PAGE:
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A grizzly bear walks along the water's edge.
After rebounding from years of intense hunting, male grizzly bears are exploring new Canadian territories, a new study says (file photo).

Photograph by Norbert Rosing, National Geographic Stock

Anne Casselman

for National Geographic News

Published February 26, 2010

There may now be two kings of the Canadian tundra—grizzly bears sightings are on the rise in the polar bear capital of the world, a new study says.

The preliminary report notes an increase in grizzly bear sightings in Wapusk National Park, just south of Churchill, Manitoba.

Nine grizzlies have been seen in the park between 1996 and 2009 in an area where grizzly sightings have never been confirmed before, researchers say. Four of the large bears were spotted in the summer of 2009.

It's unclear whether a viable population of grizzlies has established in the park, as males are known to disperse great distances from their home territories in northern Canada.

Experts also aren't sure what's causing the influx of bears, but it's more likely due to reduced hunting pressure than global warming.

(Related: "Bald Eagle, Grizzly: U.S. Icons Endangered No More?")

"There's been a real upswing in numbers," said study leader Robert Rockwell, a population ecologist at the City University of New York.

"We wanted to make the point that this is a new top-end carnivore on the scene."

Grizzly vs. Polar Bear

But speculation about grizzly-polar bear conflicts may be moot, since few polar bears will likely inhabit the northeastern corner of Manitoba—where the grizzlies were seen—by the end of the century. That's because the polar bears will follow Arctic sea ice as it retreats farther north.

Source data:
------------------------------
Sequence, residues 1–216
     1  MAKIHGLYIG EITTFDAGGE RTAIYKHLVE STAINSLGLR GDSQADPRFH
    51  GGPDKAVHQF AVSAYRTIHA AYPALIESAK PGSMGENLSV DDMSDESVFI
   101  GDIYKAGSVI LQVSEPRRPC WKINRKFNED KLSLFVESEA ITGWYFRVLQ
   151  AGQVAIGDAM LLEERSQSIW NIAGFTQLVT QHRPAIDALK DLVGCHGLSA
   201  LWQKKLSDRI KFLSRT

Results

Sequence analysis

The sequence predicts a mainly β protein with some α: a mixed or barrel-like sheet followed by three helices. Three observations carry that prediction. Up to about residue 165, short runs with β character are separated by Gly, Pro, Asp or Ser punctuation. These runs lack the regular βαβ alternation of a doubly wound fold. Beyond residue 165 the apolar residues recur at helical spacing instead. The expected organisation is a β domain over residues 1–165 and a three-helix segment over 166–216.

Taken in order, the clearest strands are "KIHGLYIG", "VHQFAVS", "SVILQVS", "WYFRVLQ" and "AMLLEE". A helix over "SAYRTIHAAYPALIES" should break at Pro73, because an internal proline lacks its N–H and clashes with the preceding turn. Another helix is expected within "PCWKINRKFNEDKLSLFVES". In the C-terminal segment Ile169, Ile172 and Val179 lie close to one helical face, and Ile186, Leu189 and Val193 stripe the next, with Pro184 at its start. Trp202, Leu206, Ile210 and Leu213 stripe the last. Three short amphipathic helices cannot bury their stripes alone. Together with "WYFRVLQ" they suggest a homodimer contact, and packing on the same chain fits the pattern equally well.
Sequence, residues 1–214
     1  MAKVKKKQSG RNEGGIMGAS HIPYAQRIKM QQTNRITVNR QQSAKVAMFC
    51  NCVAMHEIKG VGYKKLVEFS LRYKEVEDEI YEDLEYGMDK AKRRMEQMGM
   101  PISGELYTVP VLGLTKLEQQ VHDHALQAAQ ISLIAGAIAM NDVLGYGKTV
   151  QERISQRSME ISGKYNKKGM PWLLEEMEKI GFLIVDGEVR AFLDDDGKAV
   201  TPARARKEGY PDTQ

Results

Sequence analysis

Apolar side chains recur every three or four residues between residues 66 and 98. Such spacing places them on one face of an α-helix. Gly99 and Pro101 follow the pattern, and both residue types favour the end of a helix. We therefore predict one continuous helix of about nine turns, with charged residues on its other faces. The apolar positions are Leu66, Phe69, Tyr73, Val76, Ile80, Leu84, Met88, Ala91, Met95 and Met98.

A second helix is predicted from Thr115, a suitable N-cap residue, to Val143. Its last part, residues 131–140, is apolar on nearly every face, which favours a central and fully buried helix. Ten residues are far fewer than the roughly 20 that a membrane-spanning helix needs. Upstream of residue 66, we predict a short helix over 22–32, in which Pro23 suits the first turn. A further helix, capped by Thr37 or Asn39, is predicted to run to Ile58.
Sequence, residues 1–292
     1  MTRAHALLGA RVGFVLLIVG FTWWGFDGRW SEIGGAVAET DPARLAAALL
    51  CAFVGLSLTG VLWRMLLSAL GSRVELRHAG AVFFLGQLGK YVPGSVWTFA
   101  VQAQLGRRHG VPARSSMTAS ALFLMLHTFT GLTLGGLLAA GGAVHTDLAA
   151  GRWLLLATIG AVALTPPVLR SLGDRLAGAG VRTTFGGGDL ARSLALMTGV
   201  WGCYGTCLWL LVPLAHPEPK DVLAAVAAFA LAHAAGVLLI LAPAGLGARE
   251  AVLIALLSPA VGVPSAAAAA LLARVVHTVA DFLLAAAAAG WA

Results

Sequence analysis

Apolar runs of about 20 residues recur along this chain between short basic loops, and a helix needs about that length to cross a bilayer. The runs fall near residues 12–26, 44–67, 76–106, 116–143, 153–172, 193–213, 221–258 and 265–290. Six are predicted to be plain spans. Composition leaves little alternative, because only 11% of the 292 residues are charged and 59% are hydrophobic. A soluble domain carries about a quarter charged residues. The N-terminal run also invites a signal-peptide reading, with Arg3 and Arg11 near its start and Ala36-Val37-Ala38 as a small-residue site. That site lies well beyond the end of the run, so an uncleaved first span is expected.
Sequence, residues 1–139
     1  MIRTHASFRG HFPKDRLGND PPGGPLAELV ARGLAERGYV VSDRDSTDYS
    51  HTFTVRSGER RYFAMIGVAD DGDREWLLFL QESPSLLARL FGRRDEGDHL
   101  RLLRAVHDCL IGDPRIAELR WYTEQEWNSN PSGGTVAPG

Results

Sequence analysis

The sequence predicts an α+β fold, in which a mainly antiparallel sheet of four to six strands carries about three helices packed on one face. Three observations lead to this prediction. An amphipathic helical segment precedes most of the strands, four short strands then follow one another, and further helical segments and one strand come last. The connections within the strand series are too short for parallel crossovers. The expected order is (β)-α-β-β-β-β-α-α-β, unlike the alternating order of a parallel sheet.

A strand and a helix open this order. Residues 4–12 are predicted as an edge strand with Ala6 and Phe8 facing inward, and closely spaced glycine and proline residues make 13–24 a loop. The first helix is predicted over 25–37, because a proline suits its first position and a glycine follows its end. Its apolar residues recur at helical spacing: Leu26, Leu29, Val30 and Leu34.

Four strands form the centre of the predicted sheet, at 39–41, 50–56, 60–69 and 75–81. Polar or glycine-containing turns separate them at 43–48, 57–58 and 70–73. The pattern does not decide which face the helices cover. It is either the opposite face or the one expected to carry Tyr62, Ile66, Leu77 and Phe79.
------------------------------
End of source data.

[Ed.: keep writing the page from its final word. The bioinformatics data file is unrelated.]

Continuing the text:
"It's unlikely that we will still have polar bears in Wapusk National Park by the end of the century, given the current patterns of sea ice loss in Hudson Bay," said Andrew Derocher, a polar bear biologist at the University of Alberta in Edmonton, Canada.

A recently published model shows sea ice retreating from the area by the year 2050, which will lead to a decline in polar bears, he added. (See pictures of a warming Arctic.)

Even if a grizzly does encounter a polar bear, there likely wouldn't be an major tussle, said study leader Rockwell, whose research appeared in the February 2010 issue of the Canadian Field Naturalist. The journal publishes scientific papers by amateur and professional naturalists and field biologists.

"What top-end carnivores do is ... pretty much stay away from each other, like schoolyard bullies," he said.

There could be a scenario in which polar bear females clash with grizzly males as the females emerge from hibernation.

But in the Beaufort Sea, where University of Alberta's Derocher conducts his fieldwork, the two species den in overlapping areas with no fuss: The grizzly bear males come out of dens about a month after female polar bears have left. (See polar bear pictures.)

"Grolar Bear?"

And what of the prospect of grizzlies and polar bears begetting that epic beast, the "pizzly" or "grolar bear?"

To date, scientists know of only one hybridization event in the wild between the two bear species. In 2006 a hunter shot a grizzly-polar bear hybrid in Canada's Northwest Territories.

The possibility of the two species meeting each other "is going to be rare event, and I don't think it's going to be a really big deal," study leader Rockwell said.

However, the arrival of the grizzly may impact the park's ecosystem in other ways. For instance, Rockwell predicts the grizzlies could give polar bears an extra meal or two.

That's because a grizzly would rather abandon its kill than get in a skirmish with its much larger cousin, which can be attracted to the scent of the freshly killed prey. And grizzlies often take down caribou, prey that polar bears aren't fast enough to catch.

Whatever the outcome, Rockwell is curious to see what happens: "It's a neat living laboratory."

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